Grace Dobush knows the business of DIY and crafting like the back of her hand.
In 2009, she published her first book, Crafty Superstar: Make Crafts on the Side, Earn Extra Cash, and Basically Have It All, which features interviews with Sublime Stitching’s Jenny Hart and Design*Sponge’s Grace Bonney among other creative entrepreneurs.
And just recently she published the follow-up, The Crafty Superstar Ultimate Craft Business Guide, which includes nearly 100 additional pages of resources, worksheets and interviews.
“A lot has changed in the three years since the first Crafty Superstar came out,” Dobush says. “For example, Square didn’t exist back in 2009, and now I can’t imagine running a crafty business without it.”
When she’s not writing, Dobush helps to organize Crafty Supermarket in Cincinnati, Ohio.
Here, Dobush shares her advice for crafting a DIY business.
What do you envision the craft fair/Etsy/handmade scene to be like in five years?
It’ll be really interesting to see what Etsy does—with its tech prowess, I’m sure they’ll come up with things craft sellers didn’t even know they wanted. I’m also curious to see how they deal with the massiveness of their marketplace in a time when curated sites like Fab.com are doing so well.
I think the handmade economy will survive and thrive after its trendiness ebbs. Crafters are helping educate the general public about why buying handmade is so important in a mass-produced age, and you see that kind of interest in other areas, like the localvore movement. It’s an anti-industrial revolution.
What are your top 5 pieces of advice for getting a book deal in the DIY/craft market?
1. Do your research.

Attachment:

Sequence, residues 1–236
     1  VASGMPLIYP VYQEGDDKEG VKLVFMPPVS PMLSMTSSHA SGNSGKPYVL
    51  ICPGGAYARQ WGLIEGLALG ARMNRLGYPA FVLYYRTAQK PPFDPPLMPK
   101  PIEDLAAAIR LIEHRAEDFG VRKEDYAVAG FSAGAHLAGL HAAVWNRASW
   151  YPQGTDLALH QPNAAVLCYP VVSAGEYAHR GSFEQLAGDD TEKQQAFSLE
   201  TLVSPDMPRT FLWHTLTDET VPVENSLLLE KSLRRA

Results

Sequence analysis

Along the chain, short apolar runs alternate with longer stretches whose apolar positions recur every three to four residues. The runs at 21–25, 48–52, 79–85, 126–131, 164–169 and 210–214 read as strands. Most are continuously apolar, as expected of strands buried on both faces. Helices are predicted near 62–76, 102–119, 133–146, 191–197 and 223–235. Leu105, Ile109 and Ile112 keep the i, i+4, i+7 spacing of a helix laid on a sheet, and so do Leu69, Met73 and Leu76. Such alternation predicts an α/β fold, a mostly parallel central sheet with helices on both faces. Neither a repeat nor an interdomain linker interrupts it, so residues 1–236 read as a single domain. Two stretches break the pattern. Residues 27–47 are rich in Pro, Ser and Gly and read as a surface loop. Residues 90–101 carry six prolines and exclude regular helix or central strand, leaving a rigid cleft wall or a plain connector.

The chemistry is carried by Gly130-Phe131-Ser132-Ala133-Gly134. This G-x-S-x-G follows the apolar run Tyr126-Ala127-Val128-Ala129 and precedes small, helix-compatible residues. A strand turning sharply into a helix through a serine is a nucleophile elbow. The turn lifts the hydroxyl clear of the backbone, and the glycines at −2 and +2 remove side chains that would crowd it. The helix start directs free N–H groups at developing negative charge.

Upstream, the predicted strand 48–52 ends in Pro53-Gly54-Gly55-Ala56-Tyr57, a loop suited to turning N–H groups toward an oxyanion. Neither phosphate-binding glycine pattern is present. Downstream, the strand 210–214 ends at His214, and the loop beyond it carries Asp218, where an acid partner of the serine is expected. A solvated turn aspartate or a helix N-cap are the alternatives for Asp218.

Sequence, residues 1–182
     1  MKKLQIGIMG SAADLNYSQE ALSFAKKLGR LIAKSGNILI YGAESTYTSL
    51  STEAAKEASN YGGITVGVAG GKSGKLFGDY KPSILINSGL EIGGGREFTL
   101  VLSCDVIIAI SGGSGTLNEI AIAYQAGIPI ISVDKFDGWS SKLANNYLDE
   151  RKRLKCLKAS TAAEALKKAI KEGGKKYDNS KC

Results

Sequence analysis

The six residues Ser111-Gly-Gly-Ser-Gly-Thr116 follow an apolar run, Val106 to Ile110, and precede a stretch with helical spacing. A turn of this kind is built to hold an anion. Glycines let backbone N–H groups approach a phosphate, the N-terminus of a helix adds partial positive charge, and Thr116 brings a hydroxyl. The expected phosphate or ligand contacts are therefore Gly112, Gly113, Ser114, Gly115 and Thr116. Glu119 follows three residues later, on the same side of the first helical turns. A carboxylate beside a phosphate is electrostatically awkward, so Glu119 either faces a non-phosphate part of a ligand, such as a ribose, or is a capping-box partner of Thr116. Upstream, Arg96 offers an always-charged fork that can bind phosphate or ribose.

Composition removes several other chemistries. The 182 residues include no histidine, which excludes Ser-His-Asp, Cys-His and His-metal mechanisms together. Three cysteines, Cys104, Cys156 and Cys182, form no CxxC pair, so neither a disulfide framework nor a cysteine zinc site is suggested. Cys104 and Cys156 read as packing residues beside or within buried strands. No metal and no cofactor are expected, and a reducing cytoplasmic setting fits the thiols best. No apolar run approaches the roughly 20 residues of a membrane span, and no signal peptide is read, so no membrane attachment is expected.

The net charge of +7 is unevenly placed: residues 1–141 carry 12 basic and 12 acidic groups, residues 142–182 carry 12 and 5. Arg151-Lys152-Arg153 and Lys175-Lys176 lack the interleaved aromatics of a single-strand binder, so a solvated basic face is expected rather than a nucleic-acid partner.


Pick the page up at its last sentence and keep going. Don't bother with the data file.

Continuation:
Agents and publishers will want to know where your book fits in the market and how your idea is different from everyone else’s. Take a few afternoons to explore the library and Barnes & Noble and see what’s already out there. You should also get familiar with how the publishing industry works and how new authors should approach book proposals. Writer’s Digest is a great guide for this.
2. Be a trendsetter.
Books take about two years to get from the conceptual stage to the bookshelf, so you want your book to be a trend leader, not a trend lemming. Editors and publishers rely on authors to bring them fresh ideas that they wouldn’t have come up with otherwise.
3. Perfect your proposal.
For a craft book proposal—especially a how-to book—you don’t necessarily have to have the entire thing written before you send it to agents or publishers.
But you should have perhaps a dozen projects completed with good photographs so the potential buyers can see how you write explanatory copy and what your final pieces look like. (A final book might have 20 to 30 projects.) For more text-based books, like mine, a detailed chapter outline and a few sample chapters is what you want to aim for. Get a friend to proofread it before you shop it around.
4. Consider getting an agent.
Craft book publishers often don’t require a book submission to be represented by an agent (unlike a lot of other genres). But if you have a reputable agent (find an agent here) that can get your book in front of the right people faster, and they act as your representative in negotiating contracts and royalties, which can be daunting for a newbie. For their services, agents take 15% of all income related to the book. But they don’t get paid until you get paid, and their expertise often ends up getting you more money anyway.
5. Get ready to work.
Writing a book is like having a baby—except you’re gestating for up to 24 months. It’s a long, hard slog, but when you finally see that first copy, it’s a moment you’ll remember forever.
Want more of Grace Dobush’s advice? Read “3 Expert Tips for Making Money with Your Handmade or Etsy Biz”